Next time you buy a pound of salmon from your favorite seafood stand, the National Aquarium is hoping you think about how the fish got there in the first place.
In a move that will increase its ongoing sustainable seafood efforts, the National Aquarium has announced the creation of the National Aquarium Sustainable Seafood Program.
As part of the program, the aquarium will develop enhanced education programs to help people better understand their seafood options and expand those choices through partnerships that link local fishermen to local markets.
The program is also aimed at improving opportunities for restaurants to serve local seafood.
“Outside of an aquarium visit, seafood-buying opportunities present particular moments when people think about fish and oceans,” says Eric Schwaab, National Aquarium Chief Conservation Officer. “As we build toward greater conservation impacts, this program is a natural way to expand our conservation reach.”
The program’s start-up funding was a gift from the Dana DiCarlo and Scott Plank Family Foundation and their urban development company, War Horse.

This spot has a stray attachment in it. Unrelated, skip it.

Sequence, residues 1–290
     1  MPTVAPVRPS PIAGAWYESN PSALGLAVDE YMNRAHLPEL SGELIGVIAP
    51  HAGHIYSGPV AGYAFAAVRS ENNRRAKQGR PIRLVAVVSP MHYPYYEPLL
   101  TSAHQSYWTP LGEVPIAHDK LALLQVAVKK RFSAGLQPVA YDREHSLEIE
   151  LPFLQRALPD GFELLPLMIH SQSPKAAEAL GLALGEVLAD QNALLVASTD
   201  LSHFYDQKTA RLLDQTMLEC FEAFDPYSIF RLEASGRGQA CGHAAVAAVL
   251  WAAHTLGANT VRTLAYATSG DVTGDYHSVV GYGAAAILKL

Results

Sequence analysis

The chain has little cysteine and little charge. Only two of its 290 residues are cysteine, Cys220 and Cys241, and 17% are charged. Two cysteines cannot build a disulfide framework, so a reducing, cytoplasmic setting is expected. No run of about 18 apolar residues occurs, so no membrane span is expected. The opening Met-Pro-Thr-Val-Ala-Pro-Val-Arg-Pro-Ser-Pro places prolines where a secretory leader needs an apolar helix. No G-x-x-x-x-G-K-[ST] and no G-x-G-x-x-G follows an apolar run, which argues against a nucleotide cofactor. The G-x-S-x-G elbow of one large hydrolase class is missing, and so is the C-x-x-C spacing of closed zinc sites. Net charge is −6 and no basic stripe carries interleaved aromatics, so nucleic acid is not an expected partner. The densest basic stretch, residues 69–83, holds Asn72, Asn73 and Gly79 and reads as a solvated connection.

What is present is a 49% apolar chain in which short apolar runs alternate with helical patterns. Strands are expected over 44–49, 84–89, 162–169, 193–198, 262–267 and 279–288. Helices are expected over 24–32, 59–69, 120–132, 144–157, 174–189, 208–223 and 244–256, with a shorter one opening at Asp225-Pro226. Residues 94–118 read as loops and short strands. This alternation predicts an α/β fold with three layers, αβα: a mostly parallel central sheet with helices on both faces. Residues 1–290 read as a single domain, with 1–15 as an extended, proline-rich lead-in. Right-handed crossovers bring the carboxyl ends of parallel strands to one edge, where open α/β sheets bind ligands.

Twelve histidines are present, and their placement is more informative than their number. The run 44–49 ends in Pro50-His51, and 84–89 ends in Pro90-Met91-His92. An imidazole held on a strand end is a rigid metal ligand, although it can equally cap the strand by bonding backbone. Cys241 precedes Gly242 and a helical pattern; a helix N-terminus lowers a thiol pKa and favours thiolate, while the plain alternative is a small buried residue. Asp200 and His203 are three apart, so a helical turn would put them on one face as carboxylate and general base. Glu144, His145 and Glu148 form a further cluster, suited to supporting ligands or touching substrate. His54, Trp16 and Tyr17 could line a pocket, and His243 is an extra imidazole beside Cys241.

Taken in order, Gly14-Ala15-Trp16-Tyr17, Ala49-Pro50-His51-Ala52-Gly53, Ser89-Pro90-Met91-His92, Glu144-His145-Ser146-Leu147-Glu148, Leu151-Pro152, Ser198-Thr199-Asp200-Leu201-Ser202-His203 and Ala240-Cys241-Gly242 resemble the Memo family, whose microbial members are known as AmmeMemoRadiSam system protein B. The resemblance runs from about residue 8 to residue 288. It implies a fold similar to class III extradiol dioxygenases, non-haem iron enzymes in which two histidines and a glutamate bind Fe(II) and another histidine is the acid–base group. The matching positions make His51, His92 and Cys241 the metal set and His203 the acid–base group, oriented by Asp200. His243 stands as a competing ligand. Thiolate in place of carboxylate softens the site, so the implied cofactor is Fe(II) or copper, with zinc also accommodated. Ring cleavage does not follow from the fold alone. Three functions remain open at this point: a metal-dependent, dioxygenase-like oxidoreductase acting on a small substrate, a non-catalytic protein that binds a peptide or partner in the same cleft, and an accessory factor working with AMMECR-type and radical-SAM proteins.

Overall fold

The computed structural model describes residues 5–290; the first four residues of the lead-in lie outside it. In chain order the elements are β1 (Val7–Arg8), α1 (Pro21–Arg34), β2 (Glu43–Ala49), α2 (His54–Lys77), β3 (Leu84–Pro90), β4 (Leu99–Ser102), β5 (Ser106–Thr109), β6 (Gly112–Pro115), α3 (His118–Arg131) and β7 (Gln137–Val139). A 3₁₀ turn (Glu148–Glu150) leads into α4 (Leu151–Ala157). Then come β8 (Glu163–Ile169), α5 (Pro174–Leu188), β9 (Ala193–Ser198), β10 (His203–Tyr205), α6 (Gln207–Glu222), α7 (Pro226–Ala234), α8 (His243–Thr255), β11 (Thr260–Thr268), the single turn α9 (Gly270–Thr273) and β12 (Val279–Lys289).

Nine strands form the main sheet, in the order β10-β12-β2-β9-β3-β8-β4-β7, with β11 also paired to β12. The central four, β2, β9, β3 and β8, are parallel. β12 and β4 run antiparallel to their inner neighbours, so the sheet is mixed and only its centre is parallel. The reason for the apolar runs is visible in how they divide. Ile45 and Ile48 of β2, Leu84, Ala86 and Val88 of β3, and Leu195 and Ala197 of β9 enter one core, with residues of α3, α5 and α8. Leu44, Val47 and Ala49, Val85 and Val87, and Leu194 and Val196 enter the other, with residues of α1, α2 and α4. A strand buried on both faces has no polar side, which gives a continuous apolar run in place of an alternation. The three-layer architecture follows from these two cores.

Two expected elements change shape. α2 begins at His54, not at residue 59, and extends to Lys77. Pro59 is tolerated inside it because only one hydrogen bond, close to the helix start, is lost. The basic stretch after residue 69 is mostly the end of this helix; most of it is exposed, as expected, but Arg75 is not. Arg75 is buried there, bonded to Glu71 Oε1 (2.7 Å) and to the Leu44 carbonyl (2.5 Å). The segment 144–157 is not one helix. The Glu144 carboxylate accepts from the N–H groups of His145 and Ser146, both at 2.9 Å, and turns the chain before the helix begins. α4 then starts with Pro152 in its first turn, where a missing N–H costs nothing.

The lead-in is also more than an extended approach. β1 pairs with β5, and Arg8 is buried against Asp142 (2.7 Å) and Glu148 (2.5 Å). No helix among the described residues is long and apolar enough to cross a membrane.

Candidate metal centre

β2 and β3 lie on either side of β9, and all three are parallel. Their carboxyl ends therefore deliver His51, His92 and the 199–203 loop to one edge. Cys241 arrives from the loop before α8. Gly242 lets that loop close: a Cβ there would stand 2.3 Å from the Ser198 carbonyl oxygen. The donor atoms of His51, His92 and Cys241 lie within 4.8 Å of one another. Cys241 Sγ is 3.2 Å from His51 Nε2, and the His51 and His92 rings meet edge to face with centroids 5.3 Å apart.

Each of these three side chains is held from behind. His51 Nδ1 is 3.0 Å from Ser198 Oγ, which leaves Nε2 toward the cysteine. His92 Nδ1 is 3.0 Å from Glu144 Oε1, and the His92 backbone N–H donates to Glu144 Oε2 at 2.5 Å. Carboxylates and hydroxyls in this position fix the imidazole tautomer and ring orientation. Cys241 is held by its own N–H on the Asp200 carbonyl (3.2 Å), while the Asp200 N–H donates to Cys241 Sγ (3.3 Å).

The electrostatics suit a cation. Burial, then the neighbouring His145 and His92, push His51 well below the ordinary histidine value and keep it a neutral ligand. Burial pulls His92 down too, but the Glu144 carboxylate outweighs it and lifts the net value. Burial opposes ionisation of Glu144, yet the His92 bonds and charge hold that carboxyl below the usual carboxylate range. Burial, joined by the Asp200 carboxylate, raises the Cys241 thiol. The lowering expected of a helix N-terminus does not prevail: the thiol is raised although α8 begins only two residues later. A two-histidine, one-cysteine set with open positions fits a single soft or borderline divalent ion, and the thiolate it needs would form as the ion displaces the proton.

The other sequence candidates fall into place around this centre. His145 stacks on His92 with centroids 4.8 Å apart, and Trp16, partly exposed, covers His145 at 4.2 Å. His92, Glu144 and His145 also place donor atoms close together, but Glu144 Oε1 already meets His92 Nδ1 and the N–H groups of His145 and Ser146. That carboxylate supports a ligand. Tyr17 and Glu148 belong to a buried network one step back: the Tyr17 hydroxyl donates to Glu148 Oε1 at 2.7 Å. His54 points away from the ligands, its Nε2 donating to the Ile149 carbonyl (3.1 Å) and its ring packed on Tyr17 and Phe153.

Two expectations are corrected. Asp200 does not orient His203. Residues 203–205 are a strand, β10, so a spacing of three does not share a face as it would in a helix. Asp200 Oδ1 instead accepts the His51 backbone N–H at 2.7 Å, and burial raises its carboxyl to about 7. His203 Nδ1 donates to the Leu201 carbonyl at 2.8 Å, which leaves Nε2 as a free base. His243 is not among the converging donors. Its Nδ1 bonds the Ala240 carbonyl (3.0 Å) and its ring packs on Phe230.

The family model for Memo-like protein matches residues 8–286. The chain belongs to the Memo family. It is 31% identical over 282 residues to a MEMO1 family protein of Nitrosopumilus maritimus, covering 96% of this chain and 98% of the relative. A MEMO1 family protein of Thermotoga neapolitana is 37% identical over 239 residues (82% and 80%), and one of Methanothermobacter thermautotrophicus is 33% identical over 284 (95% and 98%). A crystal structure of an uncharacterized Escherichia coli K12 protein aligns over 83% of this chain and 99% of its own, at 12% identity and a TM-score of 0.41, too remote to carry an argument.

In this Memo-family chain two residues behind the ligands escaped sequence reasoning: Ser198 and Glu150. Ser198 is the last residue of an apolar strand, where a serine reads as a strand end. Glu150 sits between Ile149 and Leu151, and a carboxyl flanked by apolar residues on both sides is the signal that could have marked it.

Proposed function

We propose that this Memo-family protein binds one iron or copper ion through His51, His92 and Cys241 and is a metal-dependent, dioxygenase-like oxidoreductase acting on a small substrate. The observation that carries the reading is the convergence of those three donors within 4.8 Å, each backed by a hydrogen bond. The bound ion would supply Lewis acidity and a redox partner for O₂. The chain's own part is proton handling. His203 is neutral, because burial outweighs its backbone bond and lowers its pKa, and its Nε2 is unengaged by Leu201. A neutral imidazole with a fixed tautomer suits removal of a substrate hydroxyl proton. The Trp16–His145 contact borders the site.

“Understanding seafood choices and making good buying decisions emerged as important ways for our visitors to advance watershed and ocean conservation by supporting local and sustainable fisheries with their family meals,” Plank said in a statement.
Through future funding for the program, the National Aquarium hopes to develop a “buy local” aquaculture.
“An estimated 90 percent of the seafood consumed in the U.S. is imported,” says Schwaab. “Focusing on bringing more local seafood options to local customers promotes seafood sustainability, emphasizes the importance of clean local waterways, provides improved business opportunities for local fishermen and growers, and provides healthy food choices to local communities.”
This article was originally published in Baltimore Magazine on July 8, 2014. See it in its original post here.